Visual Arts professor Kathryn Brush smiles as she remembers getting a photo from one of her students doing a cartwheel in front of the Cathedral Basilica of Saint Denis, just north of Paris, France.
She may be an internationally recognized art historian and an influential scholar of medieval art, but it’s moments like these that fuel Brush’s passion for art and cultural history. Seeing her students interact with lessons and pictures in textbooks is rewarding, she said.
“The Middle Ages live on in Canada today, in so many ways,” said Brush, noting the architecture here on campus. “You look around, and see the living middle ages in any town in Ontario because of their churches. When you look around, you will see the middle ages transplanted here to Ontario, and I try to wake up the students to their daily environment. I want to turn on that enthusiasm in the students,” she continued.
“Things like the CN tower, or Ground Zero, or any of the skyscrapers or cathedrals, they go back to medieval principles of building. I make a lot of parallels (in teaching) to today because while perhaps technology has changed, human mentality hasn’t changed.”
Focusing on medieval art and architecture – as well as the histories, theories, and practices of art history and visual culture in the 19th and 20th centuries – Brush was recently awarded the Distinguished University Professorship (DUP) award from Western.
The DUP acknowledges sustained excellence in scholarship over a substantial career at the university. The award includes a citation, the right to use the title, an opportunity for a public lecture and a $10,000 prize to be used for scholarly activity at any time.
While her primary research interests include Romanesque and Gothic art, medieval sculpture and the historiography of cultural-historical thought, Brush said she enjoys opening herself up to many other possibilities in learning.
“As an art historian, I have my own area of the Middle Ages, but I’m also interested in museum and curatorial work, and that is not always the case with an art historian,” said Brush, who has been at Western for 30 years. “I’m interested in being a multi-dimensional art historian, not just an arm chair scholar.”
One of Brush’s more notable projects included working with her graduate students to publish a collection of essays developed from a graduate course and exhibition, Mapping Medievalism at the Canadian Frontier. By cutting across historical eras, geographies, cultures and canonical categories, the teaching and research project examined the rich and multidimensional impact of ‘medievalism’ on conceptions and representations of the Canadian frontier in the 19th and early 20th centuries.
“(Her) mission as a teacher is to inspire and educate global citizens of the future who appreciate mentalities other than their own, and respect the power of critical thought in many different domains,” said Arts and Humanities Dean Michael Milde. “At Western, and beyond, Kathryn is known to be an extremely generous and dynamic team-player who has a passion for excellence in all areas of academic endeavour.”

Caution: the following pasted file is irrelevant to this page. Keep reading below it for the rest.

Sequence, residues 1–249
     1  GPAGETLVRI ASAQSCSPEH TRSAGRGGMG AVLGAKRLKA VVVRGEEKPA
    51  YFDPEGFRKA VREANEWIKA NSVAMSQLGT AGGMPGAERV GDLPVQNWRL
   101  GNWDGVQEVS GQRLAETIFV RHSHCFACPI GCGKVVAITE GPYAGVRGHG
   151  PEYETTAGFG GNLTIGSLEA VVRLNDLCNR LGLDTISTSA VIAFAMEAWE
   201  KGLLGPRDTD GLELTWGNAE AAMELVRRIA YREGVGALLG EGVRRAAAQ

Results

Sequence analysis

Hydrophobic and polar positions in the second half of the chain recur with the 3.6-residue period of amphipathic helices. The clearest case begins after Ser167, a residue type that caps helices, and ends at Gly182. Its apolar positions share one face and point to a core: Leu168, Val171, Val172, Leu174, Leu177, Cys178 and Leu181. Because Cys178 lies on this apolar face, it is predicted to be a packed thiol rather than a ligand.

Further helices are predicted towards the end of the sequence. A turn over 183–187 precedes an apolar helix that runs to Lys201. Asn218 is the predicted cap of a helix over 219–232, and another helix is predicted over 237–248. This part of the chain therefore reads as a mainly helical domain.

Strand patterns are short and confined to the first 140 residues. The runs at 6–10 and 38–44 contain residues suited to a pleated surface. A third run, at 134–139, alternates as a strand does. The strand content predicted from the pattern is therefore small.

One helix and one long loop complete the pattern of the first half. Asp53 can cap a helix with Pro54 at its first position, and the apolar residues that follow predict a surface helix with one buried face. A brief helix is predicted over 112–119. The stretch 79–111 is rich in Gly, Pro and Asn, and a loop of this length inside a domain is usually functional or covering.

As a first-year student at McMaster University – majoring in modern languages and literatures, especially French, German, and Spanish – Brush quickly realized her language skills could greatly enhance a career in the realm of art and visual culture. After spending her third year abroad at the Universite de Poitiers (France) and the University of Gottingen (Germany), she changed her major to Art History and German, graduating summa cum laude in 1978, earning her MA and PhD in Art History at Brown University afterward.
So much pop culture we see these days, from modern movies to video games, draws inspiration from the Middle Ages, Brush said, and for her, it’s about connecting these parallels with her students.
“I’m trying to make the students aware of the importance of studying the pre-modern past because not only is our visual environment affected, but also many of them go travelling and I want to make them realize there is a culture and history way past Canada, so when they travel, they will know something about that culture. And I will get photos of them doing cartwheels.”
With more research and writing on the go, including a book that will map and contextualize the scholarly imagination of Arthur Kingsley Porter (1883-1933), professor of art history at Harvard University and North America’s pioneering scholar of medieval visual culture, it’s full steam ahead for Brush.
“I’m very enthusiastic about what I do. It’s fun and exciting,” she said. “There are so many major topics for me to cover. I’m in the fast lane and still forging on.”
Western Names Faculty Scholars
Western has selected 11 Faculty Scholars, recognizing their significant achievements in teaching and research. The recipients are considered all-around scholars and will hold the title of Faculty Scholar for two years and receive $7,000 each year for scholarly activities.
This year’s Faculty Scholars are:
- Thy Phu, English and Writing Studies, Arts and Humanities;
- Stuart Webb, Faculty of Education;
- Laura Misener, School of Kinesiology, Health Sciences;
- Dave Walton, School of Physical Therapy, Health Sciences;
- Valerie Oosterveld, Faculty of Law;
- Brian Corneil, Physiology and Pharmacology, Schulich School of Medicine & Dentistry;
- Rogemar Mamon, Department of Applied Mathematics, Science;
- Els Peeters, Department of Physics & Astronomy, Science;
- Laura Huey, Department of Sociology, Social Science;
- Mark Cleveland, DAN Management and Organization Studies, Social Science; and
- Robert MacDougall, Department of History, Social Science.